Have you ever found your holy grail moisturiser turns on you suddenly and stops delivering results? There’s a reason for that: seasonal change.
The skin cycle
It turns out our mood isn’t the only thing affected by the weather. According to the experts, your streamlined three-step skincare regime is not universal year-round. Just like the seasons, our skin goes through different phases and as a result our skincare needs to adjust accordingly.
But it’s the sudden changes in weather that skin is particularly sensitive to. You know those four seasons in one day kind of days – cold spells, sunshine, humidity and wind – it can take a huge toll on our complexion. Then, when artificial heating and air conditioning is added to the mix, our skin barrier is thrown out of whack and has to work even harder to adapt and repair. Due to this our skin requires different types and levels of support throughout the year.
While not everyone will experience the effects of seasonal change to the same degree, below is a snapshot of the common issues we’re likely to experience each season and why.
In the winter, rapidly changing temperatures, from heated indoors to cold outdoors, are harsh on the skin and capillaries. The prolonged exposure to wet weather also slows down cell renewal and circulation, as well as strips the skin’s barrier function. Overall, you’ll notice your skin just doesn’t operate like it used to – not to mention the effects of winters ills and chills on skin performance! As your skin gets put through the ringer expect to see more dryness and irritation than usual – and most likely a duller complexion. While tempting, try to reduce frequency of super-hot showers and tone down the central heating.
Bobbi Brown Soothing Cleansing Oil, $86; Bees Brilliance Brightening Day Moisturiser from Life Pharmacy, $41.99; Elizabeth Arden Visible Difference Replenishing HydraGel Complex, $81; Ultraceuticals Ultra Rich Moisturiser Cream, $118; Trilogy Rosehip Transformation Cleansing Oil, $34.99
What your skin needs: Winter is all about retaining as much moisture as possible, as well as brightening and reducing dullness. “Try switching your cleanser to a balm, cream or oil in winter, which will nourish and cleanse without stripping the skin,” Scott recommends. When it comes to moisturisers, as a general rule, creams hydrate better than lotions as they form a physical barrier that locks in moisture. “A heavier moisturiser will help to retain vital hydration and support your skin’s natural barrier function,” adds Tracy Beeby, Global Skin Educator for Ultraceuticals.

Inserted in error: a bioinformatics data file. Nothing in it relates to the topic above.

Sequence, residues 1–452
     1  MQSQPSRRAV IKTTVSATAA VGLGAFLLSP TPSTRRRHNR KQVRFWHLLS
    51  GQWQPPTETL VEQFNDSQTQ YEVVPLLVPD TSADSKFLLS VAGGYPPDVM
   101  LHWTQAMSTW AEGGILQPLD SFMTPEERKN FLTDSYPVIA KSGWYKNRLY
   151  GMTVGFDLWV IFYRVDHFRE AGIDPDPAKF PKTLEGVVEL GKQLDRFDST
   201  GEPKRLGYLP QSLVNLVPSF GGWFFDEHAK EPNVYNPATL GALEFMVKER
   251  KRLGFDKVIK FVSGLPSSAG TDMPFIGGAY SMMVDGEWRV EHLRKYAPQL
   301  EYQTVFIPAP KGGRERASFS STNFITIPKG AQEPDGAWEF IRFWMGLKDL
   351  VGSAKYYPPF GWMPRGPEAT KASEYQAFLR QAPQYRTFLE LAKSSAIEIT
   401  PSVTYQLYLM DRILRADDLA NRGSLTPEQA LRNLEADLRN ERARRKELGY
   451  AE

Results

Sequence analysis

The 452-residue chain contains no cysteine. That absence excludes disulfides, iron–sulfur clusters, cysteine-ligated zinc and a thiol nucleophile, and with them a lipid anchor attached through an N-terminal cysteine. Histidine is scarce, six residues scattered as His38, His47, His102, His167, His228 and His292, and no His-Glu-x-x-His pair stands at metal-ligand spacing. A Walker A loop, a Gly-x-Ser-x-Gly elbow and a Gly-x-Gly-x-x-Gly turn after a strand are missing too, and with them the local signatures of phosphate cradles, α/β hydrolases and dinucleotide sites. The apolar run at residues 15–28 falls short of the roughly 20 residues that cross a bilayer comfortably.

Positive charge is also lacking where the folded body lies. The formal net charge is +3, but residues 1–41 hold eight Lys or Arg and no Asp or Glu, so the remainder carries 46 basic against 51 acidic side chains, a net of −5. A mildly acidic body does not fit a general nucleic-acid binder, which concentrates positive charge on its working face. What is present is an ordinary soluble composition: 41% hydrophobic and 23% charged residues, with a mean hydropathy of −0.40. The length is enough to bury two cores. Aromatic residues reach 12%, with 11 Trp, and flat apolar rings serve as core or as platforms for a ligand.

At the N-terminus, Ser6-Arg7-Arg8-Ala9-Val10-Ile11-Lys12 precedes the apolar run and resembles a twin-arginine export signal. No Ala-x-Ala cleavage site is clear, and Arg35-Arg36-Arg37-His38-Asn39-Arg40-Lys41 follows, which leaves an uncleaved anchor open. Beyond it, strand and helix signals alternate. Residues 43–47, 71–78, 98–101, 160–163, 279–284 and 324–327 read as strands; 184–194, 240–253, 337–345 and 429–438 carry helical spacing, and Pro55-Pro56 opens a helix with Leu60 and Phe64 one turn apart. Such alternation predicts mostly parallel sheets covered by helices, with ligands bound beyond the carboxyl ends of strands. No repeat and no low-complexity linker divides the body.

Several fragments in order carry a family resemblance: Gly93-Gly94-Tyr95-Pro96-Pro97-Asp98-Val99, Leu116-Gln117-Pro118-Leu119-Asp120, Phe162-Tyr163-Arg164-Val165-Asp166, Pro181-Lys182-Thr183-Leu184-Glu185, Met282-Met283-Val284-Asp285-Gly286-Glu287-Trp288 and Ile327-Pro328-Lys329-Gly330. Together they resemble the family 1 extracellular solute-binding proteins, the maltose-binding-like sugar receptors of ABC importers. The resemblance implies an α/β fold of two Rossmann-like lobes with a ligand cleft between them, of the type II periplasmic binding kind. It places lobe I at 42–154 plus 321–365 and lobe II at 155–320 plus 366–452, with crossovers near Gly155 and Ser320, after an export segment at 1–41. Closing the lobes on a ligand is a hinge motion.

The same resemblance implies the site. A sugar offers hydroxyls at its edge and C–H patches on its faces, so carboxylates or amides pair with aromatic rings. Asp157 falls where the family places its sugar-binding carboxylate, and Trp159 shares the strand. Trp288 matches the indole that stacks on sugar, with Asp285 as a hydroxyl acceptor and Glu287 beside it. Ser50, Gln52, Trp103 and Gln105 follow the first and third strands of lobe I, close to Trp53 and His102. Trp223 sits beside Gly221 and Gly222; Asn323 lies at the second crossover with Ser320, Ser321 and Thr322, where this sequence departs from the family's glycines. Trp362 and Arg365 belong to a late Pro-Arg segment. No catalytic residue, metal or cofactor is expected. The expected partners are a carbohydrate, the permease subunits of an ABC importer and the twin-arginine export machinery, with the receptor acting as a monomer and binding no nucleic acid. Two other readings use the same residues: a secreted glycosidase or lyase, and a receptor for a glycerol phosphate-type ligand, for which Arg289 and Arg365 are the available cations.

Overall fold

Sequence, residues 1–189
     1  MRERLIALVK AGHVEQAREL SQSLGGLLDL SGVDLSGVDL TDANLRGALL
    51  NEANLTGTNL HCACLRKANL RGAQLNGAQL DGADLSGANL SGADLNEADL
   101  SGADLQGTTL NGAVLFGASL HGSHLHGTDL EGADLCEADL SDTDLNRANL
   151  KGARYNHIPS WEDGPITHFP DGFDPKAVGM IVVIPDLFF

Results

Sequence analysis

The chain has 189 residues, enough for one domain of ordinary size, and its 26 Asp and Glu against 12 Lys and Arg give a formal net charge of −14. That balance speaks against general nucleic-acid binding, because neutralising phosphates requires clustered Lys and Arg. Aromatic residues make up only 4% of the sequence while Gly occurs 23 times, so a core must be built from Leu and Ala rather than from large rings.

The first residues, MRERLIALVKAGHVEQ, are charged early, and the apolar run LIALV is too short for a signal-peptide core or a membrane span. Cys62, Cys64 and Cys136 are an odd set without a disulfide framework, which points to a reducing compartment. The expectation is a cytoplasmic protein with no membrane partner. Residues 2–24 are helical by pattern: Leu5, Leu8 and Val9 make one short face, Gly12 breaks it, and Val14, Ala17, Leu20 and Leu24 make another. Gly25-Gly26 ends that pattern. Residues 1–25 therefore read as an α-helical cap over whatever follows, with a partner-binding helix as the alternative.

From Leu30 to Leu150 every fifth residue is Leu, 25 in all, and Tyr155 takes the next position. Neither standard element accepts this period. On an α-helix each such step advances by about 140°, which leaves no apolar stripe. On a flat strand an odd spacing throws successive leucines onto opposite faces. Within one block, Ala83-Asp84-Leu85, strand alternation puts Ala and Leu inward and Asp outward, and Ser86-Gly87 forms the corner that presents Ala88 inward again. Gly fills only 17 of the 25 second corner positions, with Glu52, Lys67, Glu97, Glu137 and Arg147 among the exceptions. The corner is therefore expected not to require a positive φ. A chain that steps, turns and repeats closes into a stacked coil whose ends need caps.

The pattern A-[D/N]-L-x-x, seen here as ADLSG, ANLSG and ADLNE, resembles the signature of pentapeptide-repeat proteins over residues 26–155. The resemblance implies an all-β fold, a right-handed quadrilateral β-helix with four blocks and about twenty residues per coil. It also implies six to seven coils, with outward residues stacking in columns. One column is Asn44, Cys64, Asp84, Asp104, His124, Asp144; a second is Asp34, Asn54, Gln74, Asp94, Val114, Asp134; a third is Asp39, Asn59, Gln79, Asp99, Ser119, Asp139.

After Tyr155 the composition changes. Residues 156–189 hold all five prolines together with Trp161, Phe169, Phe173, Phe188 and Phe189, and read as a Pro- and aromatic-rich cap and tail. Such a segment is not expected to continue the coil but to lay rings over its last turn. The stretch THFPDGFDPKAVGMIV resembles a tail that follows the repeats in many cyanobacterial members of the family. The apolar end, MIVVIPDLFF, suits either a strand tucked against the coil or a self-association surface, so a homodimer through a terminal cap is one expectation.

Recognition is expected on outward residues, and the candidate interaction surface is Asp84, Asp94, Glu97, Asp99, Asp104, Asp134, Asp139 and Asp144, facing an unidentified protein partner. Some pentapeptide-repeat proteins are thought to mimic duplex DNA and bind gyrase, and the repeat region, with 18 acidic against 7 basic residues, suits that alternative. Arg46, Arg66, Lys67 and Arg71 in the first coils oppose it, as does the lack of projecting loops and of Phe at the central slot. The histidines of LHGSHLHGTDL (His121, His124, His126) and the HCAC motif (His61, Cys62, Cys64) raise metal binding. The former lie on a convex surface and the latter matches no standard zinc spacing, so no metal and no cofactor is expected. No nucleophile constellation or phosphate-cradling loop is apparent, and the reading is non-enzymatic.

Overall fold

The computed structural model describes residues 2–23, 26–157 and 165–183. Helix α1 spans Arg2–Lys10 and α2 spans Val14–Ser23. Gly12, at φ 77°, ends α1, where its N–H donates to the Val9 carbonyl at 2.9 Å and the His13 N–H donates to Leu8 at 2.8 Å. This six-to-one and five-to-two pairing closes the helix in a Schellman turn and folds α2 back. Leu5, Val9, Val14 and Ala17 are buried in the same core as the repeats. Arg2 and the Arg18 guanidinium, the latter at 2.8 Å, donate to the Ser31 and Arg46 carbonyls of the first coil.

Finally there’s light (literally) at the end of the tunnel. Spring is the safest and most skin-friendly of the four seasons. The chills of winter are replaced with a happy medium warmer temperature and less wind. However, allergies are out in full force and hay fever sufferers may find their skin extra sensitive.
Clinique Redness Solutions Daily Relief Cream, $100; La Roche-Posay Rosaliac AR Intense (anti-redness serum), $44.99; Kiehl’s Calendula & Aloe Soothing Hydration Masque, $70; Avene Antirougeurs Crème from Life Pharmacy, $40.70
What your skin needs: Pollen does not do wonders for our sinuses or skin, especially around the nose area which often ends up itchy and dry following sneezing fits. Thankfully, there are plenty of anti-inflammatory skincare remedies available to reduce redness and relieve irritation.
From humidity to UV damage, it’s easily the season that poses the most threat to our skin. Warmer weather is a breeding ground for bacteria and as a result it’s a season often associated with problematic skin. The texture of skin is generally oilier and shinier, which can further aggravate pre-existing skin conditions like eczema, hence lighter sensitive formulations are recommended during the warmer months.
Cetaphil Oily Skin Cleanser, $24.99; Skinsmiths Balancing Moisturiser, $66; Grown Alchemist Rose Balancing Toner, $41
What your skin needs: Due to a spike in oil production and sweat you’ll most likely need to make a few swap-outs in your skincare. Incorporate lightweight, oil-free alternatives where you can and a toner to maintain a healthy pH balance in the skin.
Words: Erin Berryman
Photos: Michael James Rooke for Fashion Quarterly, Issue 4, 2017, & Supplied
This article originally appeared on beautyheaven.